When I was still in my 20’s, I decided to give yoga a try. Maybe it was my age, but I had the idea that it was a bunch of gentle stretching and meditating. Yes, I’d seen photos of women doing challenging looking poses requiring great strength, balance, and flexibility, but surely beginning yoga would be a breeze. Plus I was young and strong. I signed up for a class at the student recreational center.

Oh, how wrong I was. Yoga, even beginning yoga, was hard! For one thing, it can be aerobic exercise! What????? I thought all of the deep breathing would be for meditation, not survival!!! It also required a great deal of strength. By the end of the hour, my arm muscles were in a spasm of fatigue. What was not surprising was my lack of balance. I am athletic but I am better at balancing while in motion than while still. I am also afraid of heights so the idea of doing a back bend freaks me out. That was true even when I was a much shorter and fearless kid.

The biggest surprise in yoga, however, was how incredible I felt at the end of class, lying in the corpse pose. Even though my body was exhausted, I felt a warm ease and comfort. I have returned to yoga a few times, but for whatever reason, I’ve had trouble making it a habit of more than 3 or 4 lessons, even though I very much enjoyed it each time.

I suspect some of my difficulty has to do with the fact that I need a class in order to get good at it and I am historically self-conscious about being “bad” at something for too long. Although I’ve flailed my way through many aerobic dance classes with my initial difficulties following choreography, especially trying to mirror a teacher whose right and left is opposite mine, I am able to get the steps eventually and by that time, I would be one of the stronger students in the class. Meanwhile, flailing is very effective at getting one’s heart rate up. Flailing will get you a good workout.

I don’t know what a yoga class would be like for me now that I’ve gone through cancer treatment. So much of it is flailing, trying to move forward, having everyone look at me in various stages of undress, and not knowing what the Hell I was doing except trying to follow directions and make some kind of sense. Everyone is different but I found having vulnerability and my body on display over and over as a person going through frequent and invasive medical treatments, I broke through some anxiety and self-consciousness. In clinical psychology, we call this exposure, meaning that I repeatedly put myself in anxiety provoking experiences, and each time with the world not coming to an end or anything, I learned to deal with it. But as I said, everyone is different and what is the appropriate level of exposure (literally or figuratively) for one person could be traumatizing to another person.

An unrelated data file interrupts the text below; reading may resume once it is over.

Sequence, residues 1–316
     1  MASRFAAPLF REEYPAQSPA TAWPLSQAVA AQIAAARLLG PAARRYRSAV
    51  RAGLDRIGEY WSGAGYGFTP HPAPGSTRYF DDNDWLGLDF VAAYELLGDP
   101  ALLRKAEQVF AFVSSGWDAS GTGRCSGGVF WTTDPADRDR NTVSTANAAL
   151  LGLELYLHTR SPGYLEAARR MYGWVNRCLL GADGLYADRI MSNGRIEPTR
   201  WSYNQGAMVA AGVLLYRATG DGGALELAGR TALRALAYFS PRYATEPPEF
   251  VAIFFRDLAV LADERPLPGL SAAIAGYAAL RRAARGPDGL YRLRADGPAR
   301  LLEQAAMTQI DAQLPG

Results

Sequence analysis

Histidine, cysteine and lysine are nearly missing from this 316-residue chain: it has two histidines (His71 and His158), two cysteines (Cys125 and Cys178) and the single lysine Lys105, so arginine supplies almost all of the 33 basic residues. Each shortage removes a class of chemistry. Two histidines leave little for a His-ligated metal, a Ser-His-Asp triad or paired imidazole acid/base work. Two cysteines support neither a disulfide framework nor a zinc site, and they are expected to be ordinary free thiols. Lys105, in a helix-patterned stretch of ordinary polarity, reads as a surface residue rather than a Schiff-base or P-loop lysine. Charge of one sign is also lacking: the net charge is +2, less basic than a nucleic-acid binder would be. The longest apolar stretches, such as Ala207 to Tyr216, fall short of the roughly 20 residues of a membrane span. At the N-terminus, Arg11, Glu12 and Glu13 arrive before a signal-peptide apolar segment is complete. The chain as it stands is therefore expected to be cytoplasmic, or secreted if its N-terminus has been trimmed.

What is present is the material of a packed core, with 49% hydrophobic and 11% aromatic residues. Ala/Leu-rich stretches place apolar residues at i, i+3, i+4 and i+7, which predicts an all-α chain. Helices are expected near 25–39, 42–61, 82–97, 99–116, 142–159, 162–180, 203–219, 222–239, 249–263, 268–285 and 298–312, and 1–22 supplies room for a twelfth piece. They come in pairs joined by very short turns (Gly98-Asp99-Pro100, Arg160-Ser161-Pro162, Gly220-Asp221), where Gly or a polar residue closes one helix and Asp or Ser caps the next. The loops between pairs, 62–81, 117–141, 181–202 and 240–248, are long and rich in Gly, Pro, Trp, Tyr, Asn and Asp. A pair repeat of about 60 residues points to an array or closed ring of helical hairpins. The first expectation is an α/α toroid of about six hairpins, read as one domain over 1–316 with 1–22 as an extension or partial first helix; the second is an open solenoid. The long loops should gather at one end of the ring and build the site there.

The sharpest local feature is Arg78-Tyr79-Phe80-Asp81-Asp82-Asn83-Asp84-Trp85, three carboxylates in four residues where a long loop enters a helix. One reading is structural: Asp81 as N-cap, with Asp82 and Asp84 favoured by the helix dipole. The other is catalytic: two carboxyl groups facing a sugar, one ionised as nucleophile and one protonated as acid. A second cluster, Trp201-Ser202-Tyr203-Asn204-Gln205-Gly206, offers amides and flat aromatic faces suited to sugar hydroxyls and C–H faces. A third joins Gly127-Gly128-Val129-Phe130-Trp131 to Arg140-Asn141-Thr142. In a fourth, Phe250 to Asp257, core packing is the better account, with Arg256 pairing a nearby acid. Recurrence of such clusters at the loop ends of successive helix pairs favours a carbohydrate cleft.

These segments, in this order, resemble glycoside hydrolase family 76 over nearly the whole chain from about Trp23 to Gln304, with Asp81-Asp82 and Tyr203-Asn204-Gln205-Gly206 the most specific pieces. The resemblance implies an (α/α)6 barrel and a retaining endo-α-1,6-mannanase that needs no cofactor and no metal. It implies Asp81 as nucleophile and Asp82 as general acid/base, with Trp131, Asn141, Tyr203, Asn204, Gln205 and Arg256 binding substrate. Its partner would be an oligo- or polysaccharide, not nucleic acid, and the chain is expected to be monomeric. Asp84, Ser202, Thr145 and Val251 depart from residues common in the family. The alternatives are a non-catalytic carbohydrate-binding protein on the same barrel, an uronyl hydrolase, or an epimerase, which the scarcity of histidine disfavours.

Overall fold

This is a personal blog and one of the things I try to convey is the fact that my life is highly fulfilling but also highly messy. My life is not an inspirational poster. I am not perfect and I am getting more and more okay with that. In fact, the more okay I get with it, the more okay I am with everyone else. So this is perhaps a very good time to give yoga another try. In fact, it is the latest practice in the Mindfulness-Based Stress Reduction (MBSR) program that I am doing.

Knowing what I know about MBSR, I did not expect the yoga to be super hard. I mean, after all, MBSR is used frequently with individuals with chronic pain problems. Also, I learned that yoga as a mindfulness practice is more focused on being mindful of breath and bodily sensations than on doing fancy poses. The video that accompanies my program is taught by a health psychologist and if you are keeping score at home, she uses Hatha yoga poses.

The poses are mostly stretching with a couple of strength and balance poses. The stretches are sublime, hitting every spot in my body that gets tight and achy. My favorite thing that the instructor says after saying that her motto is “No pain, no pain” is that we are to find “the sensation that is delicious”. That is exactly the way those wonderful stretches feel, too.

The strength and balance moves are a bit more challenging for me though not frustratingly so. A particular challenge are the poses that rely on abdominal muscle strength. Historically, I had naturally strong abdominal muscles. With my TRAM breast reconstruction two years ago, I lost one of my abdominal muscles. I haven’t done abdominal crunches since right before my TRAM surgery. I was instructed to a lot of walking and daily crunches to prepare for the surgery. I was already walking three miles a day and I got up to a pretty high number of crunches, at least for someone who does not hang out in a gym.

Imagine my surprise, when I was lying on my back with my knees bent and my feet on the floor, and I was unable to lift myself to a sitting position without putting my hands on the floor. My core is not working the same way as the yoga instructor’s core. My core got gored. By the end of the 30 minutes, I got that same delicious sense of relaxation and time well spent that I got at the end of the more rigorous classes of the past. I felt present, engaged, and exactly where I wanted to be. In spite of my flailing, my bobbling, and my imperfect strength, I felt great.

I may need to learn this lesson of strength, peace, and balance through imperfection, a million more times. And how wonderful would be? To learn this lesson a million more times is to live a long and mindful life.